Esophagus Surgery (General)
Underlying Problem Requiring Esophagus Surgery:
Doctors are able to use a number of approaches when it comes to repairing damage to the esophagus. This damage can be the result of various diseases and conditions. For example, a section of the esophagus may need to be entirely removed if a cancerous tumor has formed. These procedures can be aided by the use of small cameras inserted either down the throat or through a hole in the chest cavity.
The type of treatment chosen will be a result of the underlying problem being treated. If doctors are suspicious of cancer, for example, then they will often perform an esophagoscopy in order to examine the area. At the same time, they are able to remove pieces of tissue in order to perform a biopsy. If cancer has been detected, treatment may include an esophagectomy, where the part of the esophagus with the cancer is removed and the two healthy pieces are rejoined. For even more severe cases, doctors may choose to do an esophagogastrectomy. This includes the removal of part of the esophagus, as well as part of the stomach.
Recovery from Esophagus Surgery:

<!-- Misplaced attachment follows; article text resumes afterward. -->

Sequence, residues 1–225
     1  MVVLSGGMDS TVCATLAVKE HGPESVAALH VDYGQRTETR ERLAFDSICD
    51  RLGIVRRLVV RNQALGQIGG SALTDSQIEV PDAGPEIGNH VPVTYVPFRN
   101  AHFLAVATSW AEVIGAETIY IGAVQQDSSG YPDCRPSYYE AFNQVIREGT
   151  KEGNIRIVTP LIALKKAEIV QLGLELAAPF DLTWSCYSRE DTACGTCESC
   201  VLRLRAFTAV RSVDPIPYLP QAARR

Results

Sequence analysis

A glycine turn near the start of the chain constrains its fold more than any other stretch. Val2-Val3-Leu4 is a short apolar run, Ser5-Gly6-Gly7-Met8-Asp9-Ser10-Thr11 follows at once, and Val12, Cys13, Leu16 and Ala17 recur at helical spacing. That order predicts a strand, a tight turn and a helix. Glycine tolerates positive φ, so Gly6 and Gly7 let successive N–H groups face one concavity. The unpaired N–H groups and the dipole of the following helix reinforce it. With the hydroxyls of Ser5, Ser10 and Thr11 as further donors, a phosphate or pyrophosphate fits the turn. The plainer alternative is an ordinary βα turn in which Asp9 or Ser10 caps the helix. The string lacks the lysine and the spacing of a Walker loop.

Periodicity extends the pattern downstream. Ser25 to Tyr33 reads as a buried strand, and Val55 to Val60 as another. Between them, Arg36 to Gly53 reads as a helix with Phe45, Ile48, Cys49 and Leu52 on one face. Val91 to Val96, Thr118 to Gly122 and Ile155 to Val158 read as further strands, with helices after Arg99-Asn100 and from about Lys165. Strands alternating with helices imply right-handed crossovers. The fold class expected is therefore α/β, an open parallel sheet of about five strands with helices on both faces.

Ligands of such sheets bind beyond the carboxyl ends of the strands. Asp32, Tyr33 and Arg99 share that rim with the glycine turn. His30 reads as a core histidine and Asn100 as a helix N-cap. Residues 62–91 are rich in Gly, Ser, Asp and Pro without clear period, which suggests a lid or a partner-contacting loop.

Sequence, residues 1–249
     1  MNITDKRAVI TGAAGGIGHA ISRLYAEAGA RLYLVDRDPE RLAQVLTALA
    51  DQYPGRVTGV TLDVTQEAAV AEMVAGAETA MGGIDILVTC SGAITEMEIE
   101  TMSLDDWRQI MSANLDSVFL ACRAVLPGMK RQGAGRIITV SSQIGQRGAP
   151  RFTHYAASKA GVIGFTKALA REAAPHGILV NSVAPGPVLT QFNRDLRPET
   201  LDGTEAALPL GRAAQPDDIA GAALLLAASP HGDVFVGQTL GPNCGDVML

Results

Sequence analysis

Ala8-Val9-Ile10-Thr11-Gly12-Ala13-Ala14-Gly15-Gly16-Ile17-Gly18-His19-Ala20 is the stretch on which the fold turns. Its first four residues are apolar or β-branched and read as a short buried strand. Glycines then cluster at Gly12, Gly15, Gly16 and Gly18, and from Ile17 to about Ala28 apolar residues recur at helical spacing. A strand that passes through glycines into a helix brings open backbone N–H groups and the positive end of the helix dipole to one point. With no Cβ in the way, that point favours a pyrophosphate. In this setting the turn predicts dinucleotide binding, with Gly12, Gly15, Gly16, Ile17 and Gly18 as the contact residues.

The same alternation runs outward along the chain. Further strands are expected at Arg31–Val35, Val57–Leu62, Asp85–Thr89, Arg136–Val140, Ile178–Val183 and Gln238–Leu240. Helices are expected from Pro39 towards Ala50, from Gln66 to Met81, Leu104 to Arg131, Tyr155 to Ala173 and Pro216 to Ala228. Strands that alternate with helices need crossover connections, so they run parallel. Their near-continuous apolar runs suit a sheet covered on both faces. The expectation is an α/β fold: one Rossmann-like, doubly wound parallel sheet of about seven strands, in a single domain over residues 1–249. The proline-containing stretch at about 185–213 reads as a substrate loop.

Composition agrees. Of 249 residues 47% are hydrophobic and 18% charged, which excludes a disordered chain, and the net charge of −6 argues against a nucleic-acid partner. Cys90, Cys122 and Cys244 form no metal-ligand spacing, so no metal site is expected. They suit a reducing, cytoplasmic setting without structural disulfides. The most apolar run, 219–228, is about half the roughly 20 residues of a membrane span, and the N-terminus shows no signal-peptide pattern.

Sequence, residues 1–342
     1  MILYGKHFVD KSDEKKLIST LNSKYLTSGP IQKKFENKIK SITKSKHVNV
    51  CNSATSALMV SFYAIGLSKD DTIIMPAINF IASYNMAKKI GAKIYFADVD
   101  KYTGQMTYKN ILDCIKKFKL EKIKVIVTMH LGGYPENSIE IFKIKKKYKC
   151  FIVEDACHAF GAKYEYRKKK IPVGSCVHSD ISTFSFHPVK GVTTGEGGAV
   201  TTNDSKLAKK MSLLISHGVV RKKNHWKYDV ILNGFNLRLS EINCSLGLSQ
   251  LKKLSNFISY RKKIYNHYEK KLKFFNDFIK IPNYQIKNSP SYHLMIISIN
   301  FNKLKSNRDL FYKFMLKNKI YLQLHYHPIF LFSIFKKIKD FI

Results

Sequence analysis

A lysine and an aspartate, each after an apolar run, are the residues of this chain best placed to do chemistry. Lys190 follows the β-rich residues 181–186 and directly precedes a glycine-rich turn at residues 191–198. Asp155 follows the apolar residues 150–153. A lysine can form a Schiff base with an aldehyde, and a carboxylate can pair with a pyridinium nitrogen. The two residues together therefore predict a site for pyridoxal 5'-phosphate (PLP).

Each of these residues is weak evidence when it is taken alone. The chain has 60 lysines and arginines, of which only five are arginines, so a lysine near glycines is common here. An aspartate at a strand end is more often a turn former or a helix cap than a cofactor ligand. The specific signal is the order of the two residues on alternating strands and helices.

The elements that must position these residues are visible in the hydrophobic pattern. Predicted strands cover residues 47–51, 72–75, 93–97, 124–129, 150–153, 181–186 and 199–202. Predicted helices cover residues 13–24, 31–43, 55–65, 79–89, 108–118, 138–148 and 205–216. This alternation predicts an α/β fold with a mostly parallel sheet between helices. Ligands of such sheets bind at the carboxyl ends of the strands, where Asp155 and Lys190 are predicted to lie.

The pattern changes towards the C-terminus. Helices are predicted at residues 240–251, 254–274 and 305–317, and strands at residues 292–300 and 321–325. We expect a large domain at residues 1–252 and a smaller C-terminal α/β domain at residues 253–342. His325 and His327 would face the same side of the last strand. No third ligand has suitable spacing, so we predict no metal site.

Recovery from an esophagoscopy will usually not take more than a day or two. There may be some soreness in the throat, and if a biopsy was performed, the pain may be more significant. The esophagoscopy and esophagectomy, however, are major surgeries and will require a more extensive recovery process. The patient\'s healthcare team will work with him or her to determine how best to proceed. Obviously, eating and drinking will be severely limited as the sutures heal. Physical activity will also be impeded during this timeframe.
Patients may be referred for esophagus surgery for one or more of the following reasons:
- Esophageal Cancer
- Motility Disorders
- Esophageal Diverticula
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